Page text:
Even C. S. Lewis got into the act. What's the first thing that Aslan does after the great lion is "resurrected" in The Lion, the Witch and the Wardrobe? He romps and plays with Lucy and Susan, "so that all three of them rolled over together in a happy laughing heap of fur and arms and legs" (Lewis 1978, 160; emphasis mine).
"The laughter of the universe is God's delight. It is the universal Easter laughter in heaven and on earth" (Moltmann and Moltmann-Wende 2003, 85). To create that kind of surprise—and thus humor—you have to take chances, be willing to alter the established order of things, dare to dream, and, most important, be willing to fail. Good comic writers daydream a lot, placing things in juxtaposition that have never been side by side before. That juxtaposition of two normal things sometimes creates an entirely new third thing.
One of the great masters of creating surprise was filmmaker Alfred Hitchcock. His best films are full of surprises. People went to see his movies knowing they were going to be surprised, and yet he still managed to surprise them repeatedly.
In any given Hitchcock film, a bad guy is usually waiting to jump out and kill Jimmy Stewart (it was almost always Jimmy Stewart) in a dark house. Everybody in the theater knows the bad guy is in the dark house except Jimmy Stewart. In fact, the bad guy's waiting down at the end of this long, dark hallway. Jimmy walks slowly down the hall, unconcerned, whistling a brave little tune. The anticipation builds. Just as he gets to the intersection with the next hallway where we're sure the bad guy waits ... a flash of movement! Everybody shrieks! But it is only a cat. Jimmy relaxes. We relax and breathe a sigh of relief. Just a cat. It's then and only then that the bad guy jumps out! Double shriek!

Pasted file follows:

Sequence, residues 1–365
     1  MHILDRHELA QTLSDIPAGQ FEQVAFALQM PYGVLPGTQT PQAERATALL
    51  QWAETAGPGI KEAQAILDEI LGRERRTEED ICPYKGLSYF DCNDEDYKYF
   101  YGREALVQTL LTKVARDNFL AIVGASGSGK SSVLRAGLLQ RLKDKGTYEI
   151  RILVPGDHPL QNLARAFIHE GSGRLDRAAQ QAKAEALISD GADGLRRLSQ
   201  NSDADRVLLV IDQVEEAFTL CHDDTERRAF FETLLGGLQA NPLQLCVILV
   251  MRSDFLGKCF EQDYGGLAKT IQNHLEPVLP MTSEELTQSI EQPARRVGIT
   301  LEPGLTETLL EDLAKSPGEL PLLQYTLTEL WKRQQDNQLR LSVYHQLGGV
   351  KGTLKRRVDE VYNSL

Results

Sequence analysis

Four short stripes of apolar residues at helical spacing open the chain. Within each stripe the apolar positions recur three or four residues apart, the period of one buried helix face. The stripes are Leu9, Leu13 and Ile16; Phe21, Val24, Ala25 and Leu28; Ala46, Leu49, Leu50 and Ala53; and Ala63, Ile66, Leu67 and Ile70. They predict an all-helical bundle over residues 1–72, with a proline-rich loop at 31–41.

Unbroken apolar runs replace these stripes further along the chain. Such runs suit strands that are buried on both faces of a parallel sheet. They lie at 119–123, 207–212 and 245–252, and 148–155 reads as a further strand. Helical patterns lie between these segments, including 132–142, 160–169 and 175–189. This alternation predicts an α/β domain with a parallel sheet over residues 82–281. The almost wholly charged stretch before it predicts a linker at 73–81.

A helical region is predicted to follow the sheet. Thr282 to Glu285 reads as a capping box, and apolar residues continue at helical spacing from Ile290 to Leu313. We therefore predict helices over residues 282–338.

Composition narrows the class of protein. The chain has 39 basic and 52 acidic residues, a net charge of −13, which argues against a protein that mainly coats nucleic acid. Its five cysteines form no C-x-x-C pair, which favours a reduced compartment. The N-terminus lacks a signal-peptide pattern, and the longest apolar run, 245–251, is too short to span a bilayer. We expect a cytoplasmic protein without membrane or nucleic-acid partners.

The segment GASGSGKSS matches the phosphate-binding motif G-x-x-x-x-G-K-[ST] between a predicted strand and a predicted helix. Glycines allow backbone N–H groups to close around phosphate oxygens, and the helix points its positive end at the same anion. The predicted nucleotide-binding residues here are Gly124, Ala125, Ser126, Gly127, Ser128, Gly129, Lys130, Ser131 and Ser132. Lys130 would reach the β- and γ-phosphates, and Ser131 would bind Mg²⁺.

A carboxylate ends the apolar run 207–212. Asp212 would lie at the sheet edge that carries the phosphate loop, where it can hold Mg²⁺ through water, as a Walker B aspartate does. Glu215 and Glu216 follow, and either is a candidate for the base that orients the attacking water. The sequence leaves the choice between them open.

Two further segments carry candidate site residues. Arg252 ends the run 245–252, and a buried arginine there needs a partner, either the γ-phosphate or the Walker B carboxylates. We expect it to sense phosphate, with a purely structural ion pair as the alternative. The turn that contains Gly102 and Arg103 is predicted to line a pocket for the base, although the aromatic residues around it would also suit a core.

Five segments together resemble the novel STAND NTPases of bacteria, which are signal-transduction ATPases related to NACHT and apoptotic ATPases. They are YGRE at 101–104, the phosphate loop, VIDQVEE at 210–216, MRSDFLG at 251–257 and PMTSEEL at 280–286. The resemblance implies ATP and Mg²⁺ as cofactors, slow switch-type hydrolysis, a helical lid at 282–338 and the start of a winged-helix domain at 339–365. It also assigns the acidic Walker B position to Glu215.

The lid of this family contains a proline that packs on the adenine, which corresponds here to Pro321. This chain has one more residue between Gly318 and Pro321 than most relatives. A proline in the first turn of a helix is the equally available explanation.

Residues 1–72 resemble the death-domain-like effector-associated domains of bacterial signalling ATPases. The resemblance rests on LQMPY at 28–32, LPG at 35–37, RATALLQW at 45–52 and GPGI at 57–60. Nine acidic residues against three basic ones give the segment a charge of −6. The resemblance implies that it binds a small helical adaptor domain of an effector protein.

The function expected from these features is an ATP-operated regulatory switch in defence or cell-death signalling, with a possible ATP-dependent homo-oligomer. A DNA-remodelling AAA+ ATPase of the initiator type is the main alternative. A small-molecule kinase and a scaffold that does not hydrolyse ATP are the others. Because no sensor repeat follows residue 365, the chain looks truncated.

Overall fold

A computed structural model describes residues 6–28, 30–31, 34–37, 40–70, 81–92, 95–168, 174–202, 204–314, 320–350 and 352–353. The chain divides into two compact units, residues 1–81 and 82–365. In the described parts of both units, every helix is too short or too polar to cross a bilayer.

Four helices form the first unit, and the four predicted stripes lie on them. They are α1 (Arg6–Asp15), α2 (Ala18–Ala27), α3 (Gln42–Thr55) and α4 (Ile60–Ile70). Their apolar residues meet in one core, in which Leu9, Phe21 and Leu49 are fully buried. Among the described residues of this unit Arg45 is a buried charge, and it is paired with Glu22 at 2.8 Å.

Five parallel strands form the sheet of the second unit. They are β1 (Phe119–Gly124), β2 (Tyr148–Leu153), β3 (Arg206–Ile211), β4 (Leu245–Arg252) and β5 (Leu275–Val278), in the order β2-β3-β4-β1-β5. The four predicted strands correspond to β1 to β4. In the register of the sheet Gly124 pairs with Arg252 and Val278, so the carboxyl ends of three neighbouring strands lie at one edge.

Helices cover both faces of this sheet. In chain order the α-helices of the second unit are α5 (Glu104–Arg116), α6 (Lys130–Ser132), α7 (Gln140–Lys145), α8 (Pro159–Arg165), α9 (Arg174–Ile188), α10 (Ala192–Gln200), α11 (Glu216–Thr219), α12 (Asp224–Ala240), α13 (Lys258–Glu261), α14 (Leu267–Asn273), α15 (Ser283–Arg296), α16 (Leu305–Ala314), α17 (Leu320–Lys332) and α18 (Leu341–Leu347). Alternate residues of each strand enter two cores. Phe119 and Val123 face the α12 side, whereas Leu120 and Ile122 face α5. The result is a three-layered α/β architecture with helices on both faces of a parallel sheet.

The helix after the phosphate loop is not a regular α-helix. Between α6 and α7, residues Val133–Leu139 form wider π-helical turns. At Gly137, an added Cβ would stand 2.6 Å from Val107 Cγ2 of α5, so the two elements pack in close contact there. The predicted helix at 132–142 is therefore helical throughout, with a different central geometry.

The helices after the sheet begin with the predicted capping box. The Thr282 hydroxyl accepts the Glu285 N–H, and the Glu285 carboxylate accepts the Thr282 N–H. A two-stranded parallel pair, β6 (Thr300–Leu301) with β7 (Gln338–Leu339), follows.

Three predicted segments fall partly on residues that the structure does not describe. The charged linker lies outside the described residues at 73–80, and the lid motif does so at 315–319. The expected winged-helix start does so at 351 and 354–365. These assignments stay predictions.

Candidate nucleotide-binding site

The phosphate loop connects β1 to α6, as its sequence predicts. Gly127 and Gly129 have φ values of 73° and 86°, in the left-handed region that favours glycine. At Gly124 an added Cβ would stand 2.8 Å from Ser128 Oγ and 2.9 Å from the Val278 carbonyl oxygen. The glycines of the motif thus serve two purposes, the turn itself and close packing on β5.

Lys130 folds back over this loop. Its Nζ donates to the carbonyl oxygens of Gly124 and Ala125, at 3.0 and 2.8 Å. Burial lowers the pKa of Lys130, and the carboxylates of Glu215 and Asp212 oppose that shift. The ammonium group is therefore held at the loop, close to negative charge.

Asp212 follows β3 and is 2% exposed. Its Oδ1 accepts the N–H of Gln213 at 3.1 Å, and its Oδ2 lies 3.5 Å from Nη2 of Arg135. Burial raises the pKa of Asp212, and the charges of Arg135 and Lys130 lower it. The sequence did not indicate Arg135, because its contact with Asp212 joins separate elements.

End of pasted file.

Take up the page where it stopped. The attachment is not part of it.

A good surprise requires careful buildup—setting the stage, establishing the characters, creating expectations—then and only then, when the reader or congregation least expects it, pulling that rug out.
The result? People laugh. It's a natural, healthy response. A release.
One of the masters of using surprise to force both a sudden reevaluation of something that has become over-familiar and (sometimes) involuntary laughter is Flannery O'Connor. From her dark, disturbing story "The Violent Bear It Away" comes this snippet of the Christmas story, told by a child evangelist:
She began again in a dirge-like tone. "Jesus came on cold straw, Jesus was warmed by the breath of an ox. 'Who is this?' the world said, 'who is this blue-cold child and this woman, plain as the winter? Is this the Word of God, this blue-cold child? Is this His will, this plain winter-woman?' "Listen you people!" she cried, "the world knew in its heart, the same you know in your hearts and I know in my heart. The world said, 'Love cuts like the cold wind and the will of God is plain as the winter. Where is the summer will of God? Where are the green seasons of God's will? Where is the spring and summer of God's will?' "... You know and I know," she said, turning again, "what the world hoped then. The world hoped old Herod would slay the right child, the world hoped old Herod wouldn't waste those children, but he wasted them. He didn't get the right one. Jesus grew up and raised the dead." (1964, 383)
There is a strange, chilling laugh that culminates in the final words of this paragraph. A wild, untamed quality. Humor, at its best, reorders the universe in new and exciting ways. What can you do but laugh at the wonder of it? It is in O'Connor's work that Frederick Buechner (a pretty funny guy himself) thinks he's found the wellspring of this kind of dangerous holy humor. He believes O'Connor is "one of the most profoundly funny writers" of the twentieth century:
I suppose it is precisely because she has a mystic's sense of what holiness truly is that she is able to depict in such a wry and sometimes uproarious way the freakish distortions that it suffers at the hands of a mad world. Her laughter comes from a very deep and holy place inside herself, in other words, and that is probably why it is so deeply infectious, why the comic element of her work is not merely one of its embellishments but of its very substance, as inseparable from the tragic element as grace is from sin. (Buechner 1992, 69)